Tudor snags Bear Stearns distressed team

The exodus from the beleaguered investment bank continues as Tudor Investment, whose funds include venture and hedge, has tapped Bear veterans Gregory Hanley and Alan Mintz to co-head its credit strategies unit.

Tudor Investment has hired several former members of Bear Stearns distressed debt group to launch its own “credit-related strategies” unit.

Longtime Bear veterans Gregory Hanley and Alan Mintz will co-direct the initiative, which will initially operate within Tudor’s Greenwich office and receive opening funding commitments directly from its $18 billion (€11.8 billion) platform.

The group could eventually spin-off as an independent advisory business in which Tudor would be a strategic partner, although a statement from Tudor did not specify a date for the spin-out.

Tudor could not be reached for comment.

Hanley, 46, spent roughly 23 years at Bear, joining the now defunct investment bank’s board of directors in 2003. In addition to his responsibilities with the distressed debt team, Hanley was also co-head of Bear’s high yield trading group.

Mintz, 47, began working for Bear in 1997 and helped manage its proprietary investment portfolio in the US and London while also overseeing the firm’s special situations lending business.

Hanley and Mintz will be joined by former Bear distress specialists Mitchell Sussman, Eric Friel and Howard Norowtiz.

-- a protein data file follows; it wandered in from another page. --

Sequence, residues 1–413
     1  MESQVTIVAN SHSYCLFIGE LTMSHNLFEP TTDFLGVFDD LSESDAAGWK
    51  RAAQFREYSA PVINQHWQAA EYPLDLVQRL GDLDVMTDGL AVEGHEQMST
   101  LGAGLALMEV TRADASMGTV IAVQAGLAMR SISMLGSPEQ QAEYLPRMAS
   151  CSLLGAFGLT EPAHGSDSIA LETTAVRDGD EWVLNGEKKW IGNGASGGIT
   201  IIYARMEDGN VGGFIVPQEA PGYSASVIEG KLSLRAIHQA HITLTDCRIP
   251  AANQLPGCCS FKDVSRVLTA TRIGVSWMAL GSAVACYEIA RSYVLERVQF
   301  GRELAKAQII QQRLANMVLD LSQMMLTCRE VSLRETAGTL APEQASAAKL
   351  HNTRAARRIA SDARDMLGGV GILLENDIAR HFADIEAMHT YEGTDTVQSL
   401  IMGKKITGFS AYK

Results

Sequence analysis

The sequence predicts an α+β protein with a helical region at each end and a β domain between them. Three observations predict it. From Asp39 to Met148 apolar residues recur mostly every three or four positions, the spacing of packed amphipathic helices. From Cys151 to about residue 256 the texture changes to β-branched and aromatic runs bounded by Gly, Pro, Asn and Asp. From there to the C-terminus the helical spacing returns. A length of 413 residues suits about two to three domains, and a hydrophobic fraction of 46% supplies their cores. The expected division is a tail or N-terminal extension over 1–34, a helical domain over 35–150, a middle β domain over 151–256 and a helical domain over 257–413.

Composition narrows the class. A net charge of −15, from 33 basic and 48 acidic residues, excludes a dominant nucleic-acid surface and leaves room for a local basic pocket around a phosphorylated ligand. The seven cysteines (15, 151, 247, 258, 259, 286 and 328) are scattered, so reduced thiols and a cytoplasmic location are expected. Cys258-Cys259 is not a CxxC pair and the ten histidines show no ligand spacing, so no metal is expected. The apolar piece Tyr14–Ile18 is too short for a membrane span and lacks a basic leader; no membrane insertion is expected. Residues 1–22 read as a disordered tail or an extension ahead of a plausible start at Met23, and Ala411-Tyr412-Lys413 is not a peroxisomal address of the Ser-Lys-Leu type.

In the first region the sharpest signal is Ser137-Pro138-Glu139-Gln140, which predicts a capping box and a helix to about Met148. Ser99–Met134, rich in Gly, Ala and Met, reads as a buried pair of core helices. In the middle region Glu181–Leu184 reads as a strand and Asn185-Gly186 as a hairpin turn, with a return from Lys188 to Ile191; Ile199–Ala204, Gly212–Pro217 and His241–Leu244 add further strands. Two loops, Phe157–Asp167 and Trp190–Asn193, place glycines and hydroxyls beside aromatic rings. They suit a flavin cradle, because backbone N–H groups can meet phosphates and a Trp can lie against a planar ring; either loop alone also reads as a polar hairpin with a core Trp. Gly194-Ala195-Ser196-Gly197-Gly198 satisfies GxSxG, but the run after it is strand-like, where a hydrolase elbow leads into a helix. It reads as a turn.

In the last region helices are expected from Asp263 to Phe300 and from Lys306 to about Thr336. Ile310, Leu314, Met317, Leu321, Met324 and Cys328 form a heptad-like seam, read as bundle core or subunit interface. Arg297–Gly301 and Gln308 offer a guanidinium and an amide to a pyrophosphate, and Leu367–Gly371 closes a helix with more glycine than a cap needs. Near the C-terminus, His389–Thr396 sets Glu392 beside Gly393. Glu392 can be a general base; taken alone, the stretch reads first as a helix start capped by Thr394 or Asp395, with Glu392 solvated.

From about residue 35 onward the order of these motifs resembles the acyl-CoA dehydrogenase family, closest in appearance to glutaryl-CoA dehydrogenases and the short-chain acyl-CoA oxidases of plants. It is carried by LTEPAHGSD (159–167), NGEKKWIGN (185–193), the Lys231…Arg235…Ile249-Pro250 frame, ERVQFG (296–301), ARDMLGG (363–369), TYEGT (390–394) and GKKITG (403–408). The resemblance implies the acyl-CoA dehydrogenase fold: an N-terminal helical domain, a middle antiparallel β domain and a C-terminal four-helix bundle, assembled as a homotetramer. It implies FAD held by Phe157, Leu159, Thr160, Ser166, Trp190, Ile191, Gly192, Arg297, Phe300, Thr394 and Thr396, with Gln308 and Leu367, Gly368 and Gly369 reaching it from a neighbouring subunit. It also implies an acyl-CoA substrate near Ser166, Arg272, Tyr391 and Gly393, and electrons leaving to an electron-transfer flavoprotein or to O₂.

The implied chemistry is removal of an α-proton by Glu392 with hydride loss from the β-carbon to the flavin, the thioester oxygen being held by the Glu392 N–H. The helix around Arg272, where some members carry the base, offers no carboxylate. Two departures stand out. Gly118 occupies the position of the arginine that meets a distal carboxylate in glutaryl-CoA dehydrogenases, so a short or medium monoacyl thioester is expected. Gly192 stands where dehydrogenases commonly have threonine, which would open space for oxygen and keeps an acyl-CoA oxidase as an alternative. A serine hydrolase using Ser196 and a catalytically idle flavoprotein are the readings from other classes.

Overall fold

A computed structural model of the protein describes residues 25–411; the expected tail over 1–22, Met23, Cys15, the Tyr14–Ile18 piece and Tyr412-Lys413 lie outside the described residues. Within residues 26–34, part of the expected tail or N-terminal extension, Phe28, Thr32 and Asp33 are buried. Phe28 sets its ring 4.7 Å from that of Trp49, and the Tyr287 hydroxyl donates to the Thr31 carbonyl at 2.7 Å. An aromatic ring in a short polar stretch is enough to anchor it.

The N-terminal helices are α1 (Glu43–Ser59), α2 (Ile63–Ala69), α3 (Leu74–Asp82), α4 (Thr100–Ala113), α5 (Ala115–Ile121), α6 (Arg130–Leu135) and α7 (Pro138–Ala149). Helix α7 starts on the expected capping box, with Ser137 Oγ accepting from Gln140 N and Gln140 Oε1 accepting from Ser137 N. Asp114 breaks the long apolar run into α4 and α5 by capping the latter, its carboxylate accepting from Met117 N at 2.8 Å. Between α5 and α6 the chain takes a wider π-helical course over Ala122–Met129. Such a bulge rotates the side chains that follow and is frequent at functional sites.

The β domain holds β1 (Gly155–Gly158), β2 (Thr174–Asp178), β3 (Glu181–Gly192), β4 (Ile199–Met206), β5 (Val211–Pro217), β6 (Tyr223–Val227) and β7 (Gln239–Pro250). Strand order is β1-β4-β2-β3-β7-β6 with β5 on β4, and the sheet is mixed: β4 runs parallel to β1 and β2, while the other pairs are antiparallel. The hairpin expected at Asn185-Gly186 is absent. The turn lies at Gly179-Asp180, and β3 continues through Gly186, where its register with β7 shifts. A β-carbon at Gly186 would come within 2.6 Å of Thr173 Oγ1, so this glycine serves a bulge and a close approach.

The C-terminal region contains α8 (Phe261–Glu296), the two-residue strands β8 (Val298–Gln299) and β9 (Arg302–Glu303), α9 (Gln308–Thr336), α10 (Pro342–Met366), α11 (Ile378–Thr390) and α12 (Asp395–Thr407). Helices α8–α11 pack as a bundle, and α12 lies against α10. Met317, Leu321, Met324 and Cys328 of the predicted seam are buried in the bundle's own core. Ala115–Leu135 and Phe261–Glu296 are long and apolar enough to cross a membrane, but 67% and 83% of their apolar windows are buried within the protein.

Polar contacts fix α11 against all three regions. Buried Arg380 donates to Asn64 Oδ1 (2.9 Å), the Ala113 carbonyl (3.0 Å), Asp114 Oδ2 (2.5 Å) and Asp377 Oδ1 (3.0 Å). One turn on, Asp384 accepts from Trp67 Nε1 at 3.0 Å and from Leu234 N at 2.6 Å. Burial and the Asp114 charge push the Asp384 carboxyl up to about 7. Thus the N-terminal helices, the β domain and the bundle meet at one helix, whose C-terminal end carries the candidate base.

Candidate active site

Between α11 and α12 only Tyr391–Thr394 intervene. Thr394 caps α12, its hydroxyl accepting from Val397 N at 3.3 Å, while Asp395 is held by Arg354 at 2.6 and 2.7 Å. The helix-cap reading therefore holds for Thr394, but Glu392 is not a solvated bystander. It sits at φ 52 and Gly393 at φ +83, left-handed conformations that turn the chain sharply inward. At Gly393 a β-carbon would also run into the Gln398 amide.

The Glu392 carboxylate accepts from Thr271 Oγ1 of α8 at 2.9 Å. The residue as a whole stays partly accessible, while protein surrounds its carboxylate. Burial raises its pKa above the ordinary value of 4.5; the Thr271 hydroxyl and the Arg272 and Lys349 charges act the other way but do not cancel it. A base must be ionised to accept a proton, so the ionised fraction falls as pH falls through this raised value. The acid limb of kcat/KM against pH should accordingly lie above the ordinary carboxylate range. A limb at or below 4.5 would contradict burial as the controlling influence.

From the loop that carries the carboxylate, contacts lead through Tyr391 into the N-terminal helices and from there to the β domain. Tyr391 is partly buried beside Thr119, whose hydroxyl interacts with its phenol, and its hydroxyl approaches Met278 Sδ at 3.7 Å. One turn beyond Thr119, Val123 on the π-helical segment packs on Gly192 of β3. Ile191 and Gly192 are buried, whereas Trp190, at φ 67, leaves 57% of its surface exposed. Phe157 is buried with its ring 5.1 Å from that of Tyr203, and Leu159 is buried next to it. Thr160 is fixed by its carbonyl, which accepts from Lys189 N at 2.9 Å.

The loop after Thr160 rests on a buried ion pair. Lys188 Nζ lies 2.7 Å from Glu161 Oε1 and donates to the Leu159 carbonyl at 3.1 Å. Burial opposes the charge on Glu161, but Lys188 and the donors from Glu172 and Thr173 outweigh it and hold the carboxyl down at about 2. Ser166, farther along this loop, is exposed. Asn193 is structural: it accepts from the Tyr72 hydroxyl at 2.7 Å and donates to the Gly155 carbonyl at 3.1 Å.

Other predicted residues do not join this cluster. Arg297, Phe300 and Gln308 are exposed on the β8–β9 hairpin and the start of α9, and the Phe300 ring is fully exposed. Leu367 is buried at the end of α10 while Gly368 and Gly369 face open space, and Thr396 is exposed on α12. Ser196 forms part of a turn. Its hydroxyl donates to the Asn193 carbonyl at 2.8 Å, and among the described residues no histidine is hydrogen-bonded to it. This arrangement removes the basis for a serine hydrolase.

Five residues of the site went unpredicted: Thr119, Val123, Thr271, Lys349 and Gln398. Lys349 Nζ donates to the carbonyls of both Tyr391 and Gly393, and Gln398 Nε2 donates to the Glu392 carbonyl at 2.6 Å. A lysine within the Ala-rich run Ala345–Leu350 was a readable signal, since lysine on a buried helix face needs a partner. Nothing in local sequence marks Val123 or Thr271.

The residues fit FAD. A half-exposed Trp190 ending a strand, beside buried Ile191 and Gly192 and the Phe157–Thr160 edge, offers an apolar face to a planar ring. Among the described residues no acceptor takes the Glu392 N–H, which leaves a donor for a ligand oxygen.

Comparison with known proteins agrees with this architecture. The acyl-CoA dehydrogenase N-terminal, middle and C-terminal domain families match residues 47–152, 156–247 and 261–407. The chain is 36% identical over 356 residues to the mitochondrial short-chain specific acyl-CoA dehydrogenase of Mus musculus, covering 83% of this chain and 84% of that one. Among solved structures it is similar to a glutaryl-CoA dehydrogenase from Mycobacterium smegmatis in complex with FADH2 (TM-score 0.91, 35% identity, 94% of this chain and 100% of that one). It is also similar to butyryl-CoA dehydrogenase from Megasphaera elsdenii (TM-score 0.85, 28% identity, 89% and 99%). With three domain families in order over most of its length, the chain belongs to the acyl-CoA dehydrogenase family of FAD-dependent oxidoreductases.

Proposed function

The Tudor hirings represent only the latest in a steady stream of prominent professionals to leave the collapsed investment bank and join the teams of alternative asset managers.

Following the completion of JPMorgan Chase’s $2.2 billion acquisition of the investment bank late last month, Bear media and entertainment corporate finance head Lisbeth Barron moved to private equity firm Centerview Partners; former financial restructuring practice director Daniel Celentano joined hedge fund Evercore; and former head of Midwestern investment banking Ken Viellieu left for Moelis and Company.

Bear Stearns Merchant Banking has also announced that it is spinning off to form its own independent private equity firm.

Tudor Investment, founded in 1980 by famed commodities trader Paul Tudor Jones II, manages more than $18 billion in assets in macro trading, emerging markets, fundamental equity investing, venture capital, commodities, event driven strategies and technical trading systems.